Dudes, Buy the Friggin’ Flood Insurance!

Source: Virginian-Pilot

Sea levels may be rising and the risk of flooding increasing, but fewer Hampton Roads residents bought flood insurance in 2108 than five years previously, according to data presented by the Virginian-Pilot. Between 2013 and 2018 the number of households with flood insurance declined by about 5%. The only one of seven localities examined that bucked the trend was the City of Portsmouth.

The Virginia Department of Conservation and Recreation is collaborating with local and regional authorities in Hampton Roads to boost the number of flood insurance policies. A $100,000 campaign, Get Flood Fluent, has launched a website and will continue with a concentrated ad campaign in print, radio and online. Among the points made:

  • The most common natural hazards are floods.
  • One inch of water in a home can cost roughly $25,000 in repairs.
  • In addition to facing the highest rate of sea level rise on the East Coast, Hampton Roads has started to see more intense and frequent rainfall over the past several decades.
  • Even those outside of a “high-risk” zone can experience flooding, and the subsequent damage typically isn’t covered by regular homeowners or renters insurance.

Bacon’s bottom line:

Buy the flood insurance! If you fail to do so, don’t come begging to the rest of us to make up for your lack of foresight. And for god’s sake don’t ask taxpayers to pay to rebuild in the exact same spot. Everyone needs to assume the natural disaster-related risks of where they live, whether we’re talking about storm-water surges, river flooding, wild fires, tornadoes, or ice storms. Pay the price, and then factor that cost into your decision about where you want to live and what kind of structure you live in. As a society, we cannot afford to bail out hundreds of billions of dollars worth of poor decisions.

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7 responses to “Dudes, Buy the Friggin’ Flood Insurance!”

  1. NorrhsideDude Avatar

    Hampton Roads localities have large areas composed of a majority of people of color.
    Can Northam veto the rising waters so they don’t disproportionately affect people of color?

    Don’t buy the insurance, the government will bail you out for building in areas everyone knows are unsustainable. Especially if the area is blue or rich (Most of the coast). And if not walk on the mortgage. Credit scores are looked at as racist now, they soon won’t be allowed to be considered as they also disproportionately affect people of color.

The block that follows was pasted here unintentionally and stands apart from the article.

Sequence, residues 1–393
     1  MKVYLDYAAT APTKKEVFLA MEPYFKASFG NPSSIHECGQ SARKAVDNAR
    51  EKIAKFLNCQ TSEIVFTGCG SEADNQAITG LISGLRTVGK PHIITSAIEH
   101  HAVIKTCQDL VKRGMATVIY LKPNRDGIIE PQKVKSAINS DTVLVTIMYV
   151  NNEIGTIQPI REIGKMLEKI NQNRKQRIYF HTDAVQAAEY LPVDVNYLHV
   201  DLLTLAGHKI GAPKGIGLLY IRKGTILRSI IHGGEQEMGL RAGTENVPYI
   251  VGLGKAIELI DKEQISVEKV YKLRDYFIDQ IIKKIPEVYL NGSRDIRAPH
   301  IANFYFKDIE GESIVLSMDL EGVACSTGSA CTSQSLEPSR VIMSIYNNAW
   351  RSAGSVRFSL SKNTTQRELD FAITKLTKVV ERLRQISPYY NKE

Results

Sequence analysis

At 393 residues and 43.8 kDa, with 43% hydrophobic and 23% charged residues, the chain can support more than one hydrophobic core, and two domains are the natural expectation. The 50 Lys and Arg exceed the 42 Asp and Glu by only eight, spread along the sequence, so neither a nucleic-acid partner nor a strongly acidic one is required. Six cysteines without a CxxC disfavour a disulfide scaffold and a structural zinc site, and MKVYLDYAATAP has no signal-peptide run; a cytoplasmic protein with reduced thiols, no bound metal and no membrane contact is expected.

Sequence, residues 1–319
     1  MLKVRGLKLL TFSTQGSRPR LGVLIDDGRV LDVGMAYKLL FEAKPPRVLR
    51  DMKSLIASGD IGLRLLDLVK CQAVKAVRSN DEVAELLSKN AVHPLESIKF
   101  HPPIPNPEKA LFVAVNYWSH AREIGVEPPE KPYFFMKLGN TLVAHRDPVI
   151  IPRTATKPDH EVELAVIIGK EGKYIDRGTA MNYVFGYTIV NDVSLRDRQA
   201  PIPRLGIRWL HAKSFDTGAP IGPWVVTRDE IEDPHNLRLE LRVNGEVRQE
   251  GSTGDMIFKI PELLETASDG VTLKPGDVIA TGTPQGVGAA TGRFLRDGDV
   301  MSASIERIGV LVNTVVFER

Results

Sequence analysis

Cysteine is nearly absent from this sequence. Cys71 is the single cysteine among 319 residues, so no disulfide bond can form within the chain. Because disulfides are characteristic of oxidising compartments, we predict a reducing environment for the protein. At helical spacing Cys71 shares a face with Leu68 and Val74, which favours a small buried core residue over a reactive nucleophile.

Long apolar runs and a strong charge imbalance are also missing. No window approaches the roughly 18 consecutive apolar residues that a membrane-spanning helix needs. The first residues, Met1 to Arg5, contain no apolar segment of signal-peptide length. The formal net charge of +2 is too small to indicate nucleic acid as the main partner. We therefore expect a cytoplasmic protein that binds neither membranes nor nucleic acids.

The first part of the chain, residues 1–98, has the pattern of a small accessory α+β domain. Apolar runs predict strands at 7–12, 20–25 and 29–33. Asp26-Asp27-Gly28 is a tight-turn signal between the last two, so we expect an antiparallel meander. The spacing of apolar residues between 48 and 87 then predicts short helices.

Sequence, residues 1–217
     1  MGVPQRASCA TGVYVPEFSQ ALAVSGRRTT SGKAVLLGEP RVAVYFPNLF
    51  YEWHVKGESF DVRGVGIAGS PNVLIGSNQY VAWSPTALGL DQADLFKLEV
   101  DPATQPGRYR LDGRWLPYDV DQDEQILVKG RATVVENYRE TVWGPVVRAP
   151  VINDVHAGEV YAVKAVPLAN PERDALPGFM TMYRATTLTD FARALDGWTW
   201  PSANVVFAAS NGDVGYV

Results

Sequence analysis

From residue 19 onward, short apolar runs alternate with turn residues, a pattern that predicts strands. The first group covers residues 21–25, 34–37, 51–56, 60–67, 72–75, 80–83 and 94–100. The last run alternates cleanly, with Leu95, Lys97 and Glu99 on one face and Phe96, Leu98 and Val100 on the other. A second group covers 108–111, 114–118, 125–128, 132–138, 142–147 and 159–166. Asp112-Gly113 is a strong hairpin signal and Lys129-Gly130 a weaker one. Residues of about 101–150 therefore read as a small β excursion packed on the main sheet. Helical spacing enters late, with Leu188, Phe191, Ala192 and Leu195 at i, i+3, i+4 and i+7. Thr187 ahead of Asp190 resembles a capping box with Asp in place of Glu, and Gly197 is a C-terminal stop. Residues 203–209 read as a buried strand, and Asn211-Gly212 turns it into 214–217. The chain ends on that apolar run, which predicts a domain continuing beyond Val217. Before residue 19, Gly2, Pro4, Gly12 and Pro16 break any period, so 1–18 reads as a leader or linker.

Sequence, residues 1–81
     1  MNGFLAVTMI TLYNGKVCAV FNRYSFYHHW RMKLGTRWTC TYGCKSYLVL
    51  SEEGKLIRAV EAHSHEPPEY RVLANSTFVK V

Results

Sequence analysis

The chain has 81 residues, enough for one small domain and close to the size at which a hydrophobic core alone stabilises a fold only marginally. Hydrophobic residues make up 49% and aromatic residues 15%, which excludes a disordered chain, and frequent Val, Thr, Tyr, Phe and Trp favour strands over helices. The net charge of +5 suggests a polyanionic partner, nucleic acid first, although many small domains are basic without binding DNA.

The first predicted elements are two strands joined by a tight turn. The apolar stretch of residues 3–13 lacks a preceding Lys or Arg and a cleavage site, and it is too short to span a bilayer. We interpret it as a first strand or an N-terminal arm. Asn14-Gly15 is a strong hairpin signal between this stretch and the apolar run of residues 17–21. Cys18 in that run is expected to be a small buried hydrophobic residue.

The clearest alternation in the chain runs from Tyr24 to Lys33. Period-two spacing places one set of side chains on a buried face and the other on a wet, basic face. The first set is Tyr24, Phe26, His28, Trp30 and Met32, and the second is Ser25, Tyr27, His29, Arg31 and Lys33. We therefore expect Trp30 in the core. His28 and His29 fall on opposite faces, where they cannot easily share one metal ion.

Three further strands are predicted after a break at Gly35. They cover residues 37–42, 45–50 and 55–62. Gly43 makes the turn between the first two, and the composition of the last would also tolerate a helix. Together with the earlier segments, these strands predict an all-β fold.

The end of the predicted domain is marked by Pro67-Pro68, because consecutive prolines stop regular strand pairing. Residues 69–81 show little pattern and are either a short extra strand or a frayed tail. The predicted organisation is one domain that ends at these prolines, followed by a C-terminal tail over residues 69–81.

2. djrippert Avatar

    They won’t buy flood insurance and they will come running to you for money to clean up the next mess. Weepy eyed liberals will huff and puff about how we have to spend vast sums of money to rebuild Hampton Roads and then will excoriate Donald Trump for not doing more.

    Why is it that I have to either have car insurance or pay into an uninsured motorist fund but people in Hampton Roads don’t have to buy flood insurance and don’t have to pay into an uninsured flood damage fund?

  3. NorrhsideDude Avatar

    The telling thing is mortgage companies don’t require flood insurance. They know the government will not allow the coast to be laid to waste.
    Orange man bad, make waters rise.

  4. Steve Haner Avatar
    Steve Haner

    That is a crucial point. If you needed the insurance to secure a loan with the property, that would make a huge difference. So, why isn’t that the case? This bank stockholder wants to know….

    1. NorrhsideDude Avatar

      Especially since they willingly give out 30 year loans like herpes. But supposedly the world will be apocalyptic in 12 years. (those may be AOC years… maybe like dog years but different?)
      I wonder the same about 30 year mortgages in places like Arizona and Vegas where they won’t have water in 30 years.
      Seems like a bad gamble to lend money on the Virginia coast, but I know some actuaries. And they are usually smart…. like evil genius-level smart.
      Damn maybe the world will end in 12 years and AOC is genius-level actuary smart.
      Man now I’m convinced and I’m going to have to get my Waterworld kit together and befriend that escaped Russian beluga.

  5. TooManyTaxes Avatar

    No flood insurance? Then there should be special service districts formed in flood-prone areas that raise the revenue needed for remediation and repair. That would be a sound part of dealing with climate change. But (to quote DJR) the environmental asshats want nothing to do with addressing the impacts of higher seas. They want money and power.

  6. Dick Hall-Sizemore Avatar
    Dick Hall-Sizemore

    It has been my understanding that the cost of flood insurance is subsidized by the federal government. Does anyone know if this is correct? I could do some research, I guess, but I am deferring to my learned colleagues on this blog. (What that really means is that I am being lazy right now.)

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